ANU Taiwan Studies Lecture 2021
Traditional territory, Indigenous reserved land and spatial planning: Indigenous Peoples’ land rights and development in Taiwan
This lecture tackles some key challenges of Indigenous Peoples’ land rights in contemporary Taiwan. Drawing on geographical and ethnological fieldwork with Indigenous peoples, it engages with Indigenous experiences of and responses to a settler-sanctioned logic of possession and development. The lecture will be in three parts. First, it will outline Indigenous Peoples’ ontological understanding of possession and customary environmental governance. Secondly, it will introduce some colonialist land policies that undermine Indigenous Peoples’ land rights as well as how those policies have sparked controversies. Finally, it will make suggestions on how institutional land policy might be amended and how we might rethink our theories of Indigenous development.
Emeritus Professor Richie Howitt of Macquarie University will provide a response on the Indigenous Australian experience in land rights and development.
Yi-shiuan (Yayut) Chen is Assistant Professor in the Master's Program of Land Policy and Environmental Planning for Indigenous Peoples at National Chengchi University, Taiwan. She obtained her doctorate in Cultural Geography at Macquarie University. She has been working with the Tayal People, an Indigenous group in northern Taiwan, since 2009. Her work primarily concerns Indigenous Peoples’ land rights, customary law, environmental governance, and cultural heritage preservation.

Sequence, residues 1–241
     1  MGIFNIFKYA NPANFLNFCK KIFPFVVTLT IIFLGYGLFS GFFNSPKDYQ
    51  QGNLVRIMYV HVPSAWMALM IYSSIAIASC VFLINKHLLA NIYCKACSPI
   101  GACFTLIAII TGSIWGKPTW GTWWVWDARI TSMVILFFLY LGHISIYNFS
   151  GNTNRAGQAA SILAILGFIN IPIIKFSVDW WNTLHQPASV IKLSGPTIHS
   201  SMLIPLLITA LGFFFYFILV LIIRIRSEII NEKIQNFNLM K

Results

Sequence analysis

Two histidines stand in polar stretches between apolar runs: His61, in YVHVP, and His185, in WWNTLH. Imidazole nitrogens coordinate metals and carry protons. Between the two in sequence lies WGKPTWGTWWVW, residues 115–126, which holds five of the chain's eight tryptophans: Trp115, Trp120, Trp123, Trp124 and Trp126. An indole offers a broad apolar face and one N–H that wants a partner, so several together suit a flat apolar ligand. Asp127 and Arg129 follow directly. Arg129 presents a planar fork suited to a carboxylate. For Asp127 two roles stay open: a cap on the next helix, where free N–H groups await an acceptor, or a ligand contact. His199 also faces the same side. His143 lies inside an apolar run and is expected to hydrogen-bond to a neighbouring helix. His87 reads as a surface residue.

Richie Howitt is Emeritus Professor of Geography at Macquarie University. After first visiting Taiwan in 2007, he recognised parallels between colonising narratives in Australia and Taiwan. His research on scale, social and environmental justice and Indigenous rights and well-being in local communities of diversity, conceptualises historical colonisation and contemporary deep colonising as significant unnatural disasters. He advocates philosophical, methodological and ethical engagement with Indigenous experience. He has supervised two cotutelle PhD projects with Taiwanese colleagues and was lead supervisor of Dr Chen’s doctoral program.
Suliljaw Lusausatj, an Indigenous Taiwanese (Paiwan) man and a PhD Candidate at the ANU School of Culture, History, and Language, will deliver a vote of thanks.
This lecture will be held online. Please register on Eventbrite to receive Zoom details, which will be sent out 24 hours prior to event.
The ANU Taiwan Studies Lecture is an initiative under the ANU Taiwan Studies Program, which is a collaboration between the ANU and the Ministry of Education, Republic of China (Taiwan).